The latest issue of Lisbon’s Análise Social has a special section devoted to the work of historical sociologist Michael Mann (all in English). I’ve admired Mann’s historical and geographical range – and his combination of narrative and analytical power – ever since I read the first volume of his Sources of social power (1986; new edition 2012).
In the course of an interview with Miguel Bandeira Jéronimo, Mann describes the conceptual changes he has introduced as his multi-volume project has progressed, and he draws particular attention to his attempt to clarify the distinction between political power and military power:
Political power is the institutionalization of power relations over a given territory, backed up by mostly non-lethal, routinized and rule-governed coercion. Military power is the deployment of lethal violence which is aimed deliberately at terrifying, killing, and wounding people, and which is minimally or not at all institutionalized or rule-governed. Geopolitics lies between the two and can be either an extension of political or military power, according to whether inter-state relations contain matters of peace or war. The former are subject to negotiated rules and international courts and tribunals, the latter are not.
Leaving aside Mann’s claims about geopolitics, which I leave to my friends who work in that area, and the idea of a ‘given territory’ (on which I suspect Stuart Elden would have much to say), I’m puzzled by this.
I accept that not all rules are codified into formal protocols, but even in the case of so-called ‘new wars’ is military violence really perpetrated in a rule-free zone? The operative codes may not be ‘ours’, and they may be fluid and improvisational, but this does not mean they don’t have a substantial role in drawing the contours of military and paramilitary violence.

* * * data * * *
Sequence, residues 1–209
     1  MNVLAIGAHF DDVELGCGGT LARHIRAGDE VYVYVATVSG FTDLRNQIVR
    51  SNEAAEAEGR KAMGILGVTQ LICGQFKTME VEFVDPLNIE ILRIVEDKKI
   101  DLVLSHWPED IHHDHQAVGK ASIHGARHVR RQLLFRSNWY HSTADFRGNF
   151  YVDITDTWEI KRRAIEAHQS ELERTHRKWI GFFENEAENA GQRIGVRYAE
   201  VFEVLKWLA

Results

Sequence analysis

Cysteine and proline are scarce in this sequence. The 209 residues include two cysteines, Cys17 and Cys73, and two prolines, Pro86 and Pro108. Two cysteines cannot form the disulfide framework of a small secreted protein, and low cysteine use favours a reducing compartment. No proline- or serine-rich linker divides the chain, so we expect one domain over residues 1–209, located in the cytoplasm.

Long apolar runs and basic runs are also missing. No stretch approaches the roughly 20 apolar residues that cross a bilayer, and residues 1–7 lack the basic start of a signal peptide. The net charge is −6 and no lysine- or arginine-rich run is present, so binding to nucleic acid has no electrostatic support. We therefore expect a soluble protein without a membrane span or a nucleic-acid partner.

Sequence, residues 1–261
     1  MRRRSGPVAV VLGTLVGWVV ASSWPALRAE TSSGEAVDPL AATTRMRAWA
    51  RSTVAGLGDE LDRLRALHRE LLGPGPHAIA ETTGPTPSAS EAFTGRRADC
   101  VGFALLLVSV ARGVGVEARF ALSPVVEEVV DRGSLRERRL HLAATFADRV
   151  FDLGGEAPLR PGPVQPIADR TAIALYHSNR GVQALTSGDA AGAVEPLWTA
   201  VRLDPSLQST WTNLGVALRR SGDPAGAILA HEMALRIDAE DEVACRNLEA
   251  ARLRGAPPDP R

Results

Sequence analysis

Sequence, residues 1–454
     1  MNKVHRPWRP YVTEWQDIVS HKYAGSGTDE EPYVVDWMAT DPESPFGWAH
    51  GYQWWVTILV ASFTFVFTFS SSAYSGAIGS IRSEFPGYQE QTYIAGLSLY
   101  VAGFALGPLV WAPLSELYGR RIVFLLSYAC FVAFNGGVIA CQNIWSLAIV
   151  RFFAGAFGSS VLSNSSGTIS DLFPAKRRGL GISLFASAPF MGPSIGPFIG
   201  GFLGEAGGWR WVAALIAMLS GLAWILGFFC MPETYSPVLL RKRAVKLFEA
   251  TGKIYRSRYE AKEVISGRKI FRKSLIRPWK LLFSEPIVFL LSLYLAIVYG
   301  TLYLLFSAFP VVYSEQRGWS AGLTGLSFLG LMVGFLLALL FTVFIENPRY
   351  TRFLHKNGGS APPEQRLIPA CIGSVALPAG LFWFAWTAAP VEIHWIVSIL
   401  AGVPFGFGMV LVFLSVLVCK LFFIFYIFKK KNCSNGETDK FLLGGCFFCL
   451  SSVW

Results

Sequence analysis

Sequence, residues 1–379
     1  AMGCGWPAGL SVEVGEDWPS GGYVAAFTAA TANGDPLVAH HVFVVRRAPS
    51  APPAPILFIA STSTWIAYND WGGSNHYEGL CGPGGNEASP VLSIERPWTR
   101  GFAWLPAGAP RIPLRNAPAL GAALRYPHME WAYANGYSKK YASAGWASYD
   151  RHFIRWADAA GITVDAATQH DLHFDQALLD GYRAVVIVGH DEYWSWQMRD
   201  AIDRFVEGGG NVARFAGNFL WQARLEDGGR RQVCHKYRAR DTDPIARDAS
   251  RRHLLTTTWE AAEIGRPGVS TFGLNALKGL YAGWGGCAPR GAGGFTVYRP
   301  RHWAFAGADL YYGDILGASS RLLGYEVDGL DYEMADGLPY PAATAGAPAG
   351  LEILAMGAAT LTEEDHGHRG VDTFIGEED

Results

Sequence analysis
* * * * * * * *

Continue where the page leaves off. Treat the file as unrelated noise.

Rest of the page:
And surely military power in many (though not all) of its contemporary forms is highly institutionalised and ‘rule-governed’? The bureaucratisation of modern war, and in its later forms its juridification, is highly advanced: I don’t mean to imply that this is unproblematic, of course, still less that the rules remain intact throughout a conflict, and the reach of international courts and tribunals is evidently highly skewed (not least through the operation of political power), but still… I think we need a much more nuanced account of the relations between law and war, one which recognises the complicities between them and, in particular, the ways in which military violence frequently works to extend the boundaries of a law that travels in the rear, its baggage train so to speak.
Finally, these clarifications are too clear. In particular, they don’t address intra-state and transnational conflicts, and they make the distinction between ‘war’ and ‘peace’ such a black and white affair. And here, plainly, the question of territory reappears in even more urgent (and contested) form.